Our FLL team after winning the core-value award at the Mountain State FLL competition organized by NASA.
The Sabretooth Cyborgs’ success was recognized by New Mexico politicians.
After the SIGGRAPH experience, the kids were all about building real robots using industrial material. Hence, we made the decision to form a new team called “the Marvels.” We started preparing to compete in the FTC competition. In 2018, we competed in FTC for the first time, and participated in three qualifiers, making it to the semi-final once, the finals twice, and winning a total of five trophies. In New Mexico, it was unprecedented to have such a strong first year in this tough competition against other teams that have great experience and are well sponsored by big companies.
Our FTC team during the White Mountain Qualifier (top) and robot assembly (bottom).
Now that the kids were using industrial material in building their robot, they had to learn a lot of engineering concepts from CAD design to structural strength going though dynamics. The amount of effort they put into this was incredible. The SIGGRAPH experience gave them great motivation to embark on this tough path.
Outreach activities have been a core part of our robotics efforts.
Inspired by the generous idea sharing the kids witnessed at SIGGRAPH, they realized that they should give back to their community. So, they established a YouTube channel where they present their new ideas. They present their robot at different public events in New Mexico, like Explora’s Science Fiesta. Also, they hold training sessions in public schools so other kids can share their experience.
SIGGRAPH: What has been the best part of bringing your children with you to SIGGRAPH?
ME: Opening their eyes to the world of SIGGRAPH, where a group of people work hard together to improve the lives of humans in every way they can think of. That really set their minds on the right track.
SIGGRAPH: Are your kids planning to attend SIGGRAPH 2019? What are they most looking forward to?
ME: Yes, they can’t wait. They keep asking me about when we are going to leave for L.A. I think they are most looking forward to the recent progress in VR techniques. They also want to attend the Marvel sessions, especially the making of “Avengers: Endgame.”
SIGGRAPH: What advice would you give to parents who are considering bringing their kids to a SIGGRAPH conference?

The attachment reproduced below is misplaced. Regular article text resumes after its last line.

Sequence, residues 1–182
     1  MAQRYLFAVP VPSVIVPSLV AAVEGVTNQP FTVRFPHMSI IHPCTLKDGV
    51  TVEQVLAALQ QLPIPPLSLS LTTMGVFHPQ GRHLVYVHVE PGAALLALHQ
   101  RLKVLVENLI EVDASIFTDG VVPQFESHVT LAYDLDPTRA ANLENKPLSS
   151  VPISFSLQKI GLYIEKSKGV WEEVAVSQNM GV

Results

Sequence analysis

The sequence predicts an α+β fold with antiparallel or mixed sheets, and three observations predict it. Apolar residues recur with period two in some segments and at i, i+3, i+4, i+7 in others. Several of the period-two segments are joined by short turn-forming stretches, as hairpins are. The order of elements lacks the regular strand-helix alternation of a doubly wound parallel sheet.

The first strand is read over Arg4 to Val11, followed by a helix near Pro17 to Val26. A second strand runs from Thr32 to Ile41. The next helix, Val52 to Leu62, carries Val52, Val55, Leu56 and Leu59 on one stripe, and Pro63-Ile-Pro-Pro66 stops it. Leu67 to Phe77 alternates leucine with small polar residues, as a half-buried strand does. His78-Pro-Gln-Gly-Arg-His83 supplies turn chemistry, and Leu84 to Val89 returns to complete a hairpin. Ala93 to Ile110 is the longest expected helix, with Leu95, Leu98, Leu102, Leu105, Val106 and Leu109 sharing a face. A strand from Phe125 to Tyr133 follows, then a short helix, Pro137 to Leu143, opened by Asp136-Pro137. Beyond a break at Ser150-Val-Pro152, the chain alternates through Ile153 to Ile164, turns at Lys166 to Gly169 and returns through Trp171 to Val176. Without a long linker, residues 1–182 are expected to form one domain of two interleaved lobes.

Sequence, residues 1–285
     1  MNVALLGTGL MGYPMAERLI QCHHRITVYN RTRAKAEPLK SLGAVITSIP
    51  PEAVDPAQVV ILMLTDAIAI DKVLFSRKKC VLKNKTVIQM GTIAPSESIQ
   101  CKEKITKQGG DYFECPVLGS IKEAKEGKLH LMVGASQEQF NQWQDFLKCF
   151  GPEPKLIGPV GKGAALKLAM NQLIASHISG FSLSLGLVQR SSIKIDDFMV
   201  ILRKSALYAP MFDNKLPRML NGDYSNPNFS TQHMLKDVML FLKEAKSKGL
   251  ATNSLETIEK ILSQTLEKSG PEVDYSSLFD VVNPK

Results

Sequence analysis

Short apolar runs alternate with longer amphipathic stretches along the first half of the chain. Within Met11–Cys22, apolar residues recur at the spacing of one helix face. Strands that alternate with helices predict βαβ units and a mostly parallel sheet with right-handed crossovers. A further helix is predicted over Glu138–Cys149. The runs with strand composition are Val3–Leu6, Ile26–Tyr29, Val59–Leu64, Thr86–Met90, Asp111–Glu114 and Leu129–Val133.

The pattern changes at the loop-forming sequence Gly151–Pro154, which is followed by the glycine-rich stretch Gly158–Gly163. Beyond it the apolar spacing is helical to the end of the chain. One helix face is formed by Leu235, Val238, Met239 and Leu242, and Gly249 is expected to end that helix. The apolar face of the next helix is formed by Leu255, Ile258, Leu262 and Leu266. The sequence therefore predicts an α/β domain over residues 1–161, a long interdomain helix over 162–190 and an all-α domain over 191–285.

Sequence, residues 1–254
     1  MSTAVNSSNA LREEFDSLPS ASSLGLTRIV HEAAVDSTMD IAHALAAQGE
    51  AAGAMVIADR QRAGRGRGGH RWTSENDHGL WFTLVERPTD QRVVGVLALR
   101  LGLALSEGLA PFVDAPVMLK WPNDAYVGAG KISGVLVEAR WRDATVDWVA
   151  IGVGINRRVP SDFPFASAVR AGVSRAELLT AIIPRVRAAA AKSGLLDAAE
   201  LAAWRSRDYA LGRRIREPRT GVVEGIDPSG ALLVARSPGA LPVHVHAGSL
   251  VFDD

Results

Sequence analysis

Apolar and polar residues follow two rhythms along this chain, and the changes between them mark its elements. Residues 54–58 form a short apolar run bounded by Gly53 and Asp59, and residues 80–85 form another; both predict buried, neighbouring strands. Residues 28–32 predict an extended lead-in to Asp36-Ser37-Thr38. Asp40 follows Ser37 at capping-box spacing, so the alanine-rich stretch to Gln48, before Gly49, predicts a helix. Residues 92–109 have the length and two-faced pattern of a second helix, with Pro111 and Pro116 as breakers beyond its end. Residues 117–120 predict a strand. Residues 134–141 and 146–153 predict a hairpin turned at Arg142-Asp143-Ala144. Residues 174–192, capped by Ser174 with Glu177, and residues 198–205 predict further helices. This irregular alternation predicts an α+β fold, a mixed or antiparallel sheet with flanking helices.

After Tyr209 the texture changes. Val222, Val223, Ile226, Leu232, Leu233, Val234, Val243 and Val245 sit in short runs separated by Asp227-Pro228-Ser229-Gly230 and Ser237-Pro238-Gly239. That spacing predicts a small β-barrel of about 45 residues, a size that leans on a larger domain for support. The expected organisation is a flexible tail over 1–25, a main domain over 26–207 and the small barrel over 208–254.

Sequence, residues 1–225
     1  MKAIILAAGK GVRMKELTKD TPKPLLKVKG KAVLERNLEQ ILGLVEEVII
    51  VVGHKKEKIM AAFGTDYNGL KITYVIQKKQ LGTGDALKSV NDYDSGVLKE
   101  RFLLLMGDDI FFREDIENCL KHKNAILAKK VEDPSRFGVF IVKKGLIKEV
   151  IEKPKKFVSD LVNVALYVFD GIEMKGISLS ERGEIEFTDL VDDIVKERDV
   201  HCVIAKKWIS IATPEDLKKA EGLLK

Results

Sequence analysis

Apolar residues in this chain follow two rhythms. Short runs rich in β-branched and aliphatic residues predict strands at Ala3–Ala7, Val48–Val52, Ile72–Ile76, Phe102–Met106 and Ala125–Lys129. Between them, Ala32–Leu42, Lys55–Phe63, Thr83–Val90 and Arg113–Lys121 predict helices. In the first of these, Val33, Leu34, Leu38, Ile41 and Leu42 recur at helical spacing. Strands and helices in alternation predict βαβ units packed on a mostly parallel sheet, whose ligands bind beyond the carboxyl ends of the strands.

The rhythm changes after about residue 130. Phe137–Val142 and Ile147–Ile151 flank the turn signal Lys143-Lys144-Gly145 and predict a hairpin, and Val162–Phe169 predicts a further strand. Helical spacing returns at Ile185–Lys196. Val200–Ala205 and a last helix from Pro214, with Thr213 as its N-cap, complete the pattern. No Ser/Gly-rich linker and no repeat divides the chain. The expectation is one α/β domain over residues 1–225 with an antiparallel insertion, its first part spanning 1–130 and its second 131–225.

ME: This is an experience that will change their lives. Go for it, and never hesitate!
Invite your children to experience the magic of SIGGRAPH 2019. Register them for the conference, 28 July–1 August, in Los Angeles, and give them the chance to play and experiment with the latest industry innovations in venues like the SIGGRAPH 2019 Studio. We hope to see you and your offspring there!
Mohamed Ebeida is a research scientist at Sandia National Laboratories. His main areas of expertise are computational geometry and uncertainty quantification. He graduated from University of California, Davis in 2008 with a Ph.D. in mechanical and aeronautical engineering and a master’s in applied mathematics. He worked for two years as a postdoc at Carnegie Mellon University. In 2010, he joined Sandia National Laboratories, where he works in exploring the potential of Voronoi decompositions for a wide range of non-traditional applications. Mohamed is the founder and the program lead of the IbnSina Mindcrafters robotics school that was established at the Islamic Center of New Mexico (ICNM) in 2016, serving more than 120 students so far. Many teams formed out of this program participate in the First Lego League (FLL) competition. In their first year, the top teams — Sabretooth Cyborgs and Pandamoniums — made it all the way from New Mexico qualifiers to the international stage at the Mountain State competition, winning the core-value award. Last year, these two teams joined forces to form an FTC team coached by Mohamed, and in their first FTC season, the Marvels won five trophies over three qualifiers in New Mexico and Arizona. Mohamed is actively engaging public schools and New Mexico politicians in supporting the robotics activities of FIRST in New Mexico.